Zaire Ebolavirus (EBOV)

From MicrobeWiki, the student-edited microbiology resource
Jump to: navigation, search
This student page has not been curated.

Classification

Zaire Ebolavirus

Kingdom: (none)

Realm: Riboviria

Phylum: Negarnaviricota

Class: Monjiviricetes

Order: Mononegavirales

Family: Filoviridae

Genus: Ebolavirus

Species: Zaire Ebolavirus

NCBI: Taxonomy

Zaire Ebolavirus

Description and Significance

Zaire ebolavirus (EBOV)is a pathogen that is a parasite to humans. Parasitism is an ecological relationship where one organism is benefitted while the other is harmed. This species of Ebola virus disease is also associated with the highest mortality rates (~20-90%)[1], with the Sudan ebolavirus (SUDV) being the next highest fatal.

Genome

EBOV is a negative-sense, single-stranded RNA. It contains an envelope, matrix, and nucleocapsid.[2] The EBOV genome is about 19 kb in length and encodes for seven structural proteins.[3] The protein is assembled into a helical nucleocapsid, which then catalyzes the replication and transcription of the genome.[4] CpG is a dinucleotide sequence of 5’ to 3’ cytosine-guanine and is used in research for cancer and immunotherapy.[5]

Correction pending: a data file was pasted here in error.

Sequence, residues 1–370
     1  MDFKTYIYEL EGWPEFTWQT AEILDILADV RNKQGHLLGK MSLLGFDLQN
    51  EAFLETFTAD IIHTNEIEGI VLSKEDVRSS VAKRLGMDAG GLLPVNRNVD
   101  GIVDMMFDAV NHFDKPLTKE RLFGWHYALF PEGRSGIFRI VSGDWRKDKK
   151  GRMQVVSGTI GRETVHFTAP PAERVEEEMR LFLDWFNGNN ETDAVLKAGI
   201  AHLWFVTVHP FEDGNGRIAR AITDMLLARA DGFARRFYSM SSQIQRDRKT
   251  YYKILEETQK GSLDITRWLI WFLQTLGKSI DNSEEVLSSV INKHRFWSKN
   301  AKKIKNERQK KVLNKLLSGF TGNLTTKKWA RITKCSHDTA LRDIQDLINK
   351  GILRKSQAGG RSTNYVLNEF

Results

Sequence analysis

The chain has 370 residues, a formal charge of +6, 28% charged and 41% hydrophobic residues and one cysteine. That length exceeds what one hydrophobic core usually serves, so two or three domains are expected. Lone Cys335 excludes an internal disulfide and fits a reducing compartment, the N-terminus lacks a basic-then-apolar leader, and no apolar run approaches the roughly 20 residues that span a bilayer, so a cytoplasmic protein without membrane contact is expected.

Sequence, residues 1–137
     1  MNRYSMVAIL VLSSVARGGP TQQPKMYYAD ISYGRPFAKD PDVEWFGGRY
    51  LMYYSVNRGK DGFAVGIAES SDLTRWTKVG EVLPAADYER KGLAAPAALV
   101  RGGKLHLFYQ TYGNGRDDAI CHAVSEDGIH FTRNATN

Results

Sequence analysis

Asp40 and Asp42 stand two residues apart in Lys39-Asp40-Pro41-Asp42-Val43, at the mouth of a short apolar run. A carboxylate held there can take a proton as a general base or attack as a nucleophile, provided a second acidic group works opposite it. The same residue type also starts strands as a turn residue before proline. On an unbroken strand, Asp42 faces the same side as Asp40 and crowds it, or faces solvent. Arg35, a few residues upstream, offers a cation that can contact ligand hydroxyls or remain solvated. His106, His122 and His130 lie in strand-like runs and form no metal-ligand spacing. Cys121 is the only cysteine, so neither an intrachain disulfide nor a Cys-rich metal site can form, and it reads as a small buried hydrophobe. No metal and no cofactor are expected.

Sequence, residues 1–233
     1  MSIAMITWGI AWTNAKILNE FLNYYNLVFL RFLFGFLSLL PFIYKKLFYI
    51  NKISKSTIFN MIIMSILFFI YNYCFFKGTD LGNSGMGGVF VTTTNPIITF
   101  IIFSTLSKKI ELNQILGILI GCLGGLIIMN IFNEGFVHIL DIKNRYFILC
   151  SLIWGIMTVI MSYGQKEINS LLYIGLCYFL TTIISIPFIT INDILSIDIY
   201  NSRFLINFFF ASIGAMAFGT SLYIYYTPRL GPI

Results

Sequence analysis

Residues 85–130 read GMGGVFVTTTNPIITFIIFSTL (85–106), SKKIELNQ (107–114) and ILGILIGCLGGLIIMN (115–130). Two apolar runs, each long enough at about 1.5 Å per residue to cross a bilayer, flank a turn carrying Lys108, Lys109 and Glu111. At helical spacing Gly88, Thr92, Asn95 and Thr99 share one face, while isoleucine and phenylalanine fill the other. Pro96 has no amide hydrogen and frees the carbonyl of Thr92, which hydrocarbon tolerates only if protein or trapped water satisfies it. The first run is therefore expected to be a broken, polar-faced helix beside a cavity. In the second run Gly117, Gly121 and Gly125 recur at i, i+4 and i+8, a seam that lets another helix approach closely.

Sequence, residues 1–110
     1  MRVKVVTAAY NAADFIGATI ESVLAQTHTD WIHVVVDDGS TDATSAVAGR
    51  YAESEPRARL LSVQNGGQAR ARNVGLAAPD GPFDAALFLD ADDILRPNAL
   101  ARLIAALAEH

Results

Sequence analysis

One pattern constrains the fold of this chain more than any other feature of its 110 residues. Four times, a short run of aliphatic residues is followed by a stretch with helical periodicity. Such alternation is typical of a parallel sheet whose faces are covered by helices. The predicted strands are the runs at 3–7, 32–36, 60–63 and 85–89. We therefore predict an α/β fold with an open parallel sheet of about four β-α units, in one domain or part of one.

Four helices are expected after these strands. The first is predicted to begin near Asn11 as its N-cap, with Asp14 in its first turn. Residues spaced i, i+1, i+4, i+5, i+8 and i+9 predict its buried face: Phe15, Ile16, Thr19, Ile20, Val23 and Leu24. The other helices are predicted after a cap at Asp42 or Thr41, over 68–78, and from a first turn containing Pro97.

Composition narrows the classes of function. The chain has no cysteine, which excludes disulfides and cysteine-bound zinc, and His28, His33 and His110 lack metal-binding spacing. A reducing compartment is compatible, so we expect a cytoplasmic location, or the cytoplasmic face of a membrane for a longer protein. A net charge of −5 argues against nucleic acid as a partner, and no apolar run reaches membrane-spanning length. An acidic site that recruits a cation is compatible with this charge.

Cell Structure, Metabolism and Life Cycle

Here is an image of the Zaire Ebolavirus Life Cycle: https://media.springernature.com/full/springer-static/image/art%3A10.1038%2Fs41579-019-0233-2/MediaObjects/41579_2019_233_Fig1_HTML.png EBOV is an RNA virus that begins with limited coding capabilities and enters the host cell through interaction with the host’s cell surface T-immunoglobins.[6] After receptor binding, the EBOV is internalized via micropinocytosis and GP1 is cleaved into a smaller form before the residues in the binding sites are exposed.[7] Once inside the host cell cytoplasm, it hijacks the transcription and translation process to replicate the genome and produce new virions.[8] VP30 is a ribonucleoprotein that is an important mechanism in regulating transcription and translation during the EBOV replication cycle.[9] The virus spreads to the liver and spleen through the bloodstream and induces an active inflammatory response associated with hepatocellular necrosis and lymphopenia. EBOV then induces the release of chemokines that cause dysregulation of the immune system. [10] Released cytokines and necrosis factor-α from infected macrophages interrupt the flow of the vascular system and causes multiple organ failure.[11]